Peru Wildlife Tours
Whether you are an independent wildlife traveller, following your own path and letting yourself be swept along by the natural wonders of Peru, or someone who prefers a more structured experience, there are local tour companies that can ensure the ultimate wildlife experiences in a variety of different ecosystems.
Choose tropical rainforest, high Andean montane forests, coastal plains or the marine environment around off-shore islands and you will encounter each locations unique animal life. Peru will deliver the experience of a lifetime.
Lima is the customary starting point for international visitors for all Peru tours. From the city, you can travel to the coastal wildlife watching sites or go inland, to Cuzco in the south or Iquitos in the north, gateways to the Amazon rainforest, the high Andes and the Amazon River.
Lima and surrounds
Photo credit: Manu Birding Lodge, Andean Cock-of-the-rock
Protected areas north of Lima:
Huascarán National Park
High mountains, glacial lakes and puna grasslands, for 120 bird species, spectacled bears, pumas and vicuñas.
Yanachaga-Chemillén National Park
Rainforest and cloud forest for jaguars, pumas, spectacled bears. The only known habitat of the Ctenophryne barbatula bearded frog.
Tingo Maria National Park
Montane forest which contains the Cueva de las Lechuzas cave where the unique oilbirds nest. Also known for Andean cock of the rocks, South American coatis, ocelots, and kinkalous.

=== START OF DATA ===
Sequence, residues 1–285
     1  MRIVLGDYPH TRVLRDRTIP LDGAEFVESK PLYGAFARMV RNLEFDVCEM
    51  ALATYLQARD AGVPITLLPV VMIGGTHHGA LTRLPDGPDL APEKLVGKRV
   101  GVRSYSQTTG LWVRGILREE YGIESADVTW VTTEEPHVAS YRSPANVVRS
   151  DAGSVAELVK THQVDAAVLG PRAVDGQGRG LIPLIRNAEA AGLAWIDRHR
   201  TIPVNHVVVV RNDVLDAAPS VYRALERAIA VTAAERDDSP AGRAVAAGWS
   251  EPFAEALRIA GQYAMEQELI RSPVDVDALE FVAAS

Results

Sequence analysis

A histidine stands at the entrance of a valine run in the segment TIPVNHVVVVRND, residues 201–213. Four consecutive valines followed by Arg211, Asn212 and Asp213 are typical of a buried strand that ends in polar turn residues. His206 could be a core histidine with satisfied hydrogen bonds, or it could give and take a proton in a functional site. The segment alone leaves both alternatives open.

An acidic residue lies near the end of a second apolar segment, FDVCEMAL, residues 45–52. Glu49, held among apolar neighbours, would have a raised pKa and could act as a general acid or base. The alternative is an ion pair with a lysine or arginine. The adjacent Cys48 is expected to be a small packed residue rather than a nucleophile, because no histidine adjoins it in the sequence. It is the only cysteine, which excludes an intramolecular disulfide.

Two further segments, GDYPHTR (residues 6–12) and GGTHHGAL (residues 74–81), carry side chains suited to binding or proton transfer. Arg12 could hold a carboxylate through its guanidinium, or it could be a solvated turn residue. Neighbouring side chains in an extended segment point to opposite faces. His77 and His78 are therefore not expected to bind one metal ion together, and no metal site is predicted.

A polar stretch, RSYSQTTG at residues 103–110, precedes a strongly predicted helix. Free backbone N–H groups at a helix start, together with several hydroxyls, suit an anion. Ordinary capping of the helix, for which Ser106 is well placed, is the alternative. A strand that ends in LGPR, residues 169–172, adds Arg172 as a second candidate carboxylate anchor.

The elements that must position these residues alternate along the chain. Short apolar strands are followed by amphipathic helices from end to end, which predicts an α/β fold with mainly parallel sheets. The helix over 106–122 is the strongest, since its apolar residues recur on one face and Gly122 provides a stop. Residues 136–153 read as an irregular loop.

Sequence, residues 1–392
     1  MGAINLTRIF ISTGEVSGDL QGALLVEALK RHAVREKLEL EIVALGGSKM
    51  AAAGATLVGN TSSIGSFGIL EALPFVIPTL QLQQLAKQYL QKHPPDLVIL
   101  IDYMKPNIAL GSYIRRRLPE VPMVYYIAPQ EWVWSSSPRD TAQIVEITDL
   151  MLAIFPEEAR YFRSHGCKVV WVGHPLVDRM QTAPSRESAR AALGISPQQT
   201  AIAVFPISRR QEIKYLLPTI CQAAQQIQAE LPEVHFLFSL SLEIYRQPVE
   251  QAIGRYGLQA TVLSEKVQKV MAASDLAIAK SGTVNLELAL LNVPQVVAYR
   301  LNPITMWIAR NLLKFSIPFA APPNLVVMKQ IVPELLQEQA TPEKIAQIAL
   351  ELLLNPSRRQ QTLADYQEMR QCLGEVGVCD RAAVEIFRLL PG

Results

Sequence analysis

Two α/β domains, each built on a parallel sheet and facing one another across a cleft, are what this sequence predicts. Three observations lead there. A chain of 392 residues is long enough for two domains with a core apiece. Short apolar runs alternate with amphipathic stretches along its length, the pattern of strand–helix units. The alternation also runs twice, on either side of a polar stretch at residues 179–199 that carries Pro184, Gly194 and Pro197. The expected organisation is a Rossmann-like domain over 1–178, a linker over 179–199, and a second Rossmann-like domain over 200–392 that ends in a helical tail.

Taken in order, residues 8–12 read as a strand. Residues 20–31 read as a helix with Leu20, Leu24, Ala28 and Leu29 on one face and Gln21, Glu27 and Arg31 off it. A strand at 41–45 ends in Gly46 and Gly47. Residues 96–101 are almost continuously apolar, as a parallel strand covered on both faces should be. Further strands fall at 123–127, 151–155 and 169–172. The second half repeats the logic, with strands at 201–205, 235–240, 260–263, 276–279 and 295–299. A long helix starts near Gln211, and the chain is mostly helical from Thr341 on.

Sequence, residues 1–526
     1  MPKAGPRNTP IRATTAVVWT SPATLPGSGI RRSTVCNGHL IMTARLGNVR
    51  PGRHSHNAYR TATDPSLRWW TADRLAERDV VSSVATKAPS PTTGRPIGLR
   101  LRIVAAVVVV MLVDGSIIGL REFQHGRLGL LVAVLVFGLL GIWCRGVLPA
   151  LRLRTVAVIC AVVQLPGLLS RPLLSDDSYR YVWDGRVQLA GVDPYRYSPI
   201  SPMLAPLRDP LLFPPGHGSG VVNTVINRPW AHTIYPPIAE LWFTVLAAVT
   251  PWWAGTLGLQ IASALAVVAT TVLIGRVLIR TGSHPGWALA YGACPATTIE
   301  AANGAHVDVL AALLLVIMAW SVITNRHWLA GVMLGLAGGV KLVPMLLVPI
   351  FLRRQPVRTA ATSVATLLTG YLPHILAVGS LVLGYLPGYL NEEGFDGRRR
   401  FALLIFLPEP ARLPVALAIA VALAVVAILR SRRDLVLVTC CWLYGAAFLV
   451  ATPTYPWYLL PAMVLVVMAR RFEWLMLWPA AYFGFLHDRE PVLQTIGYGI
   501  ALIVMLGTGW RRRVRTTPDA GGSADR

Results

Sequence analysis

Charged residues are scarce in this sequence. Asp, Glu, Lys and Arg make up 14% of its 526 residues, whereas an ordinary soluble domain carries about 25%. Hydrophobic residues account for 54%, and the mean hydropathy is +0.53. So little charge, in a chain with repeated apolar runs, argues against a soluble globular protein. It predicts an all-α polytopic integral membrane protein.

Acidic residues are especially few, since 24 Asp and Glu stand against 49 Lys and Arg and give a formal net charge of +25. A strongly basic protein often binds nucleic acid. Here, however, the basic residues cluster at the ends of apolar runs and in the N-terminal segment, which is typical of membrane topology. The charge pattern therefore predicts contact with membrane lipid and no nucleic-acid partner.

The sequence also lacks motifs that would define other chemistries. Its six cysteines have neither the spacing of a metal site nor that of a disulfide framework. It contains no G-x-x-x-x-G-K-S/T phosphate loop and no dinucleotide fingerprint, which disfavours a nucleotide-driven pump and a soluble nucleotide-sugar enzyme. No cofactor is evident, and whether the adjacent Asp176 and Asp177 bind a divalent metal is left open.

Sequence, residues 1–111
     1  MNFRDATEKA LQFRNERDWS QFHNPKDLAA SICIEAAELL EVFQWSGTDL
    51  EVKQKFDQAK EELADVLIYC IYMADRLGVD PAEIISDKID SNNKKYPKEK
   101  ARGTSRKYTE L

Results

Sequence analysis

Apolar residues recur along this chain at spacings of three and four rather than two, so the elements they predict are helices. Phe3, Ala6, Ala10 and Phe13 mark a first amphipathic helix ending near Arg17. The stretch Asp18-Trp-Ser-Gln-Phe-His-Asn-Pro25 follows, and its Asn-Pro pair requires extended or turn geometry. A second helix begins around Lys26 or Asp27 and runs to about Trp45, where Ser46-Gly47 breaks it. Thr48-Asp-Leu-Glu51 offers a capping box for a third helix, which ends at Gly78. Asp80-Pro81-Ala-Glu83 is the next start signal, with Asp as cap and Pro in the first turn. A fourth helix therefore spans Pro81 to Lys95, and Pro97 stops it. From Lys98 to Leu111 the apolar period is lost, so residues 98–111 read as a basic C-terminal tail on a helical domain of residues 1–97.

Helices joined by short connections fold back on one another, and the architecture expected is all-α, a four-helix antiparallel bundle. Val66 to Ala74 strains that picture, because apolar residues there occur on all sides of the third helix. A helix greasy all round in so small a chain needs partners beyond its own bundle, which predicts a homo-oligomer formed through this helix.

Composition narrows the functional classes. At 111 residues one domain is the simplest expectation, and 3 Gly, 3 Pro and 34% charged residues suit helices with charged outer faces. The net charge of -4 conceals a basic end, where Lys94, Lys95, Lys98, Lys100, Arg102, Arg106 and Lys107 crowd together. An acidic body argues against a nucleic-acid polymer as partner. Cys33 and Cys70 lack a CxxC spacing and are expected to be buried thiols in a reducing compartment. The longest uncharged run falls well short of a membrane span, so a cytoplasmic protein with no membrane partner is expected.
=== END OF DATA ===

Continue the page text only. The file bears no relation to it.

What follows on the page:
Protected areas south of Lima:
Photo credit: Manu Birding Lodge, Humboldt Penguins
Accessible on boat trips from the town of Paracas for sea lions, cetaceans and Humboldt penguins.
Paracas National Reserve
Desert, marine and coastal ecosystems for whales, dolphins, sea lions, Andean condor, Chilean flamingos, Humboldt penguins, and many wading birds.
Wildlife Specialist Tip
Along the Peruvian coast the cold waters of the Humboldt Current bring vast amounts of food, attracting large numbers of seabirds. Amongst the boobies, pelicans and gulls is one species considered a ‘must-see’ bird on any visit to Peru: the Inca tern. This bird’s elegant shape, dark plumage and long, whiskery feathers behind the bill make it easy to identify. It can often be seen resting on the buildings in fishing villages along the coast, and also perched on rocks, or even cruising along beside your boat.
Pampas Galeras Barbara D’Achille National Reserve
A vicuña sanctuary high in the mountains where you can also see Andean condors.
Outside of the reserves, birding sites near Lima include Pucusana fishing port where you can see Humboldt Penguin, Peruvian Diving Petrel, Peruvian Booby, Guanay and Red-legged Cormorants, Blackish Oystercatcher, Grey Gull, Inca Tern, and Peruvian Seaside Cinclodes.
Lomas de Lachay and the surrounding area where Peruvian Thick-knee, Least Seedsnipe, Oasis Hummingbird, Peruvian Sheartail, Coastal, Greyish and Thick-billed Miners, Cactus Canastero, Collared Warbling Finch and Raimondi’s Yellow Finch occur.
Laguna Paraiso on the Pacific coast, which is a good place for waders, gulls including Belcher’s and Grey, and terns including Peruvian.
A pelagic boat trip out of the port of Callao, on which the range of possible seabird sightings includes Waved Albatross, Hornby’s Storm Petrel, Swallow-tailed Gull and many other species of birds.
- Natural areas for Birdwatching Peru
- Birds of Peru: a gift to the world
- Birding in Peru: Where to Go and the Best Times to Visit
- A Guide to Amazon Rainforest Tours in Peru
Photo credit: Rainforest Expeditions, Brazilian Tapir
Pacaya-Samiria National Reserve